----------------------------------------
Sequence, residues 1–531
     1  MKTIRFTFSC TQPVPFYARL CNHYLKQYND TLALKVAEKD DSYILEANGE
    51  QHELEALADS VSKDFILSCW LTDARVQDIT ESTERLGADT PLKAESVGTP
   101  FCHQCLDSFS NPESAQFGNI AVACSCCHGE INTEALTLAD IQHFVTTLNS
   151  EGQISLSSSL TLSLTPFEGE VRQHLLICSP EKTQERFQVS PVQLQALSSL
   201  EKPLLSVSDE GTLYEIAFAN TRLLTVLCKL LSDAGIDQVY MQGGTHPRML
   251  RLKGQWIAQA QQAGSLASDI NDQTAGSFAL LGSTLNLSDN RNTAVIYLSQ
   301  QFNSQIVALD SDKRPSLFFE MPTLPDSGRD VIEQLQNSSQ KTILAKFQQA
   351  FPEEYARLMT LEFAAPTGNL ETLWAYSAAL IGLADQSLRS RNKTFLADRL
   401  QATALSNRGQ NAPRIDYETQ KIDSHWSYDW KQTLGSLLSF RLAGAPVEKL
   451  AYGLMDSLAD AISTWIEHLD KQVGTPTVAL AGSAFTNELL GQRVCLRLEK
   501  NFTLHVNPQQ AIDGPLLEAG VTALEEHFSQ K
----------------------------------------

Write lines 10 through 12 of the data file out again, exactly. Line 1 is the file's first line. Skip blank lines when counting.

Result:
   401  QATALSNRGQ NAPRIDYETQ KIDSHWSYDW KQTLGSLLSF RLAGAPVEKL
   451  AYGLMDSLAD AISTWIEHLD KQVGTPTVAL AGSAFTNELL GQRVCLRLEK
   501  NFTLHVNPQQ AIDGPLLEAG VTALEEHFSQ K